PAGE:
By Samantha Davenport
Holly and Mark Hylen have taken their passion and turned it into Beacon Occupational Health and Safety Services, a single-source provider of medical, clinical, safety and training services that employs 250 people across Alaska.
Holly Hylen is the founder and president of Beacon Occupational Health. Her husband, Mark, is the vice president. Beacon was founded in 1999 and has been an Associated General Contractors of Alaska member since 2001.
“Throughout the years, it’s just continued to grow and expand,” Mark Hylen said.
Mark Hylen says Beacon has three primary lines of service: medical, safety and training. The company works with employers on a variety of compliance-related health and safety needs.
One of Beacon’s services is to run on-site clinics for workers in remote locations that do not have access to medical care. Additionally, Beacon offers clinical services (occupational health and drug and alcohol testing); safety consulting/staffing; medical training, from first-aid CPR to Emergency Medical Technician III; and safety training, much of which is related to federal Occupational Safety and Health Administration requirements.
“We constantly provide our clients with education about potential regulatory changes or trends in the industry so employers can maintain compliance and make changes to their current requirements that best meet their company needs,” Mark Hylen said.
He added that being an AGC member allows his team opportunities to educate members and to have members share with Beacon what their needs are. That way, Beacon can better cater to members’ needs.
“Being an AGC member is extremely beneficial to Beacon in our interaction with many contractors that are members, because we do support many of them with our drug testing, with our occupational health, with our safety and our training support. We are lucky to work with so many different employers throughout the state,” he said.
One of the many clients that Beacon works with is Colaska Inc., a construction and maintenance of transportation infrastructure company in Alaska. Karen Zemba, human resources manager at Colaska, said Beacon understands customer needs and stays ahead of the curve.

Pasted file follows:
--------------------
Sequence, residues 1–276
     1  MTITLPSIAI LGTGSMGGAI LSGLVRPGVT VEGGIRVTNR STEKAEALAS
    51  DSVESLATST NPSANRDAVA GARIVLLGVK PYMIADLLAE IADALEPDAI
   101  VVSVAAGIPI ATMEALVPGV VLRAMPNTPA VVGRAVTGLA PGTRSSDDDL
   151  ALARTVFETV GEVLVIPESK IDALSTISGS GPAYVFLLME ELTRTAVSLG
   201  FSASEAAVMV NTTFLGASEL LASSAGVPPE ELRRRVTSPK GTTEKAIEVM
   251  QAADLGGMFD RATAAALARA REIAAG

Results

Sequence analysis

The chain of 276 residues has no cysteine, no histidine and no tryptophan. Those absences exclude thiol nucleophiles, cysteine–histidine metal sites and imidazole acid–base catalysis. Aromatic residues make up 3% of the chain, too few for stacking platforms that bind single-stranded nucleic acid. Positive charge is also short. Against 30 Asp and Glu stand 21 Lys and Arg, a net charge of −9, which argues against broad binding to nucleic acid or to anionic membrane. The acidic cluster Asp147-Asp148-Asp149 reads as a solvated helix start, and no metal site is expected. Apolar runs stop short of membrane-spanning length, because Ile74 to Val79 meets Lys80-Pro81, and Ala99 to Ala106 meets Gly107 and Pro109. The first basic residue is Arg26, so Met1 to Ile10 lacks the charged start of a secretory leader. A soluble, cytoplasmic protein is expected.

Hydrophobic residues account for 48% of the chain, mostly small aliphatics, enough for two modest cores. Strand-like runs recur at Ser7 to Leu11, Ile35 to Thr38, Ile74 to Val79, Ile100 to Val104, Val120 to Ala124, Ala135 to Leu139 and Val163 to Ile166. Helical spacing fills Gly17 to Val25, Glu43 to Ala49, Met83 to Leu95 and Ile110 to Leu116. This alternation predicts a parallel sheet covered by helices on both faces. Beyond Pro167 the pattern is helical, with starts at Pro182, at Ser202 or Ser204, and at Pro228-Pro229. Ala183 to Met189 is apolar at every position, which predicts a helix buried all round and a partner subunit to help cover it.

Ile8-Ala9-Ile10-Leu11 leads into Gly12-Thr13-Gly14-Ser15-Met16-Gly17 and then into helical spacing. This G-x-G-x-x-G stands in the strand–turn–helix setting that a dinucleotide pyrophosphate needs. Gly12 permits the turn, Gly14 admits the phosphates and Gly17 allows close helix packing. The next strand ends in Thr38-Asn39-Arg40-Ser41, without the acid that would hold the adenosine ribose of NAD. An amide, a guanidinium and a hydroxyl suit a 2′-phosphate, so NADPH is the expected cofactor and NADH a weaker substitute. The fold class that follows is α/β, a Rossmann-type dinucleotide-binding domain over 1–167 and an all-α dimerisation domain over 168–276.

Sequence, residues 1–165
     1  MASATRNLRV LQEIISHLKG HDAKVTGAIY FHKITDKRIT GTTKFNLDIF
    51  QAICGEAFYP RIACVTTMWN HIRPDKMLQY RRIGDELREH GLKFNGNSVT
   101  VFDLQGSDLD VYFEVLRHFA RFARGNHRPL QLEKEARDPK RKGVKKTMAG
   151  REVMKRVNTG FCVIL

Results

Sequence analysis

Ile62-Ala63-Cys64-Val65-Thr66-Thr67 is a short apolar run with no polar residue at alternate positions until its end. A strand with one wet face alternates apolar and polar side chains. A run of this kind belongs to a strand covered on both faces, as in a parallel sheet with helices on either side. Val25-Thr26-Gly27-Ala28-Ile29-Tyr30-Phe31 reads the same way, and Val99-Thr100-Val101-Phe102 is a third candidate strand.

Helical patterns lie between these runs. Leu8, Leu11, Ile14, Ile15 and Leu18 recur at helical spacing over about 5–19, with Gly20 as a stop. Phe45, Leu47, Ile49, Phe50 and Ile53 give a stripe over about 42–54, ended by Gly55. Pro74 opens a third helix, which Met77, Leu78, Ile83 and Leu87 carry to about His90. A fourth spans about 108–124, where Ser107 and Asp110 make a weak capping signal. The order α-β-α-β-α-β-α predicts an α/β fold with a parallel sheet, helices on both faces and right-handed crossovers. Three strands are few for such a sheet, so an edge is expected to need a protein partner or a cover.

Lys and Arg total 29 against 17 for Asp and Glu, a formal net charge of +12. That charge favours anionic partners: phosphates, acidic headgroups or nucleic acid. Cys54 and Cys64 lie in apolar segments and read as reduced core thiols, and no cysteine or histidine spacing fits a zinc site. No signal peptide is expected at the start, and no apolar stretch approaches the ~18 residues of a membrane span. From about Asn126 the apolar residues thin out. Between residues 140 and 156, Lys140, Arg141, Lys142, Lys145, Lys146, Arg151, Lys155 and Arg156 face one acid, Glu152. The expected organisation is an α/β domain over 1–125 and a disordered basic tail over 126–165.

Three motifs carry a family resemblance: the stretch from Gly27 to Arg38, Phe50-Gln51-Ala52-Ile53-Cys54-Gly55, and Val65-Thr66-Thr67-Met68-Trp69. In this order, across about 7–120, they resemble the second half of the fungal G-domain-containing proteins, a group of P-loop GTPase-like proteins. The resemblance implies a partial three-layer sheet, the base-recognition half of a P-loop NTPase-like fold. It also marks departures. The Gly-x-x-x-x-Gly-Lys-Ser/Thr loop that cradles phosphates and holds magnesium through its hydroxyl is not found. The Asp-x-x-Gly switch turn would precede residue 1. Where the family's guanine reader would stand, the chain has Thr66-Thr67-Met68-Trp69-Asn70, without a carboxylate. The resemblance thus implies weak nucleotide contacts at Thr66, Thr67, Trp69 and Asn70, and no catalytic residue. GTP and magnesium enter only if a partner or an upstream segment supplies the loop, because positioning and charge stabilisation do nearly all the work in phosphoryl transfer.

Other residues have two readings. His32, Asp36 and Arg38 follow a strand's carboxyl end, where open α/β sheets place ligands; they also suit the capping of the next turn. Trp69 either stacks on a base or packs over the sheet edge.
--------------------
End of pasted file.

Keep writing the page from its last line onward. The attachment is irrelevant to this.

“Beacon and I go way back — back to the days when they were just a drop in a puddle, just starting out, trying to make their mark in an already saturated market,” Zemba said. “Beacon has the best ‘can do’ attitude I have come across.”
Zemba said she has used Beacon in one way or another at several companies, including for drug testing, physicals, wellness clinics and more. What made her keep coming back was Beacon’s customer service.
“Need a drug test after hours or in a remote village? They somehow manage to make it happen,” Zemba said. “They have even flown a physical therapist out to remote sites to conduct functional capacity testing. If I need a specific class on a specific date, they make it happen. I just can’t say enough about Beacon. They have become that shining star that other companies strive to reach.”
Beacon also offers programs for employers in the Arctic, which has its own unique occupational safety and health concerns.
Amanda Johnson, vice president of medical and training services, has been at Beacon for eight years
and oversees Beacon Occupational Health’s remote medical, clinical services and training divisions.
Photo Courtesy C+L Creative
Amanda Johnson, Beacon’s vice president of medical and training services, has been at the company for eight years. Johnson oversees Beacon’s remote medical division, which consists of eight clinics on the North Slope, year-round for companies such as BP and Exxon.
“We offer (North Slope Training Cooperative) training to contractors across the state of Alaska every day (at our Anchorage office) as well as have an expanded training facility in Kenai for our (Aircraft Rescue and Fire Fighting) training and then do a lot of on-site training both on the North Slope and across Alaska for our clients, anywhere from safety, industrial to medical training,” Johnson said.
Beacon offers drug and alcohol testing, safety consulting and training in locations across Alaska.
Photo Courtesy C+L Creative
Beacon has even outgrown its Alaska base and has moved to offer services in the Lower 48. Johnson said Beacon is in the Lower 48 due to organic growth with their clients.
“I think that that is one thing that is really important about Beacon, is our scalability, to meet all of those health, safety and training initiatives,” Johnson said.
The company has locations in Anchorage, Kenai, Deadhorse and Fairbanks.
Samantha Davenport is a freelance writer living in Anchorage.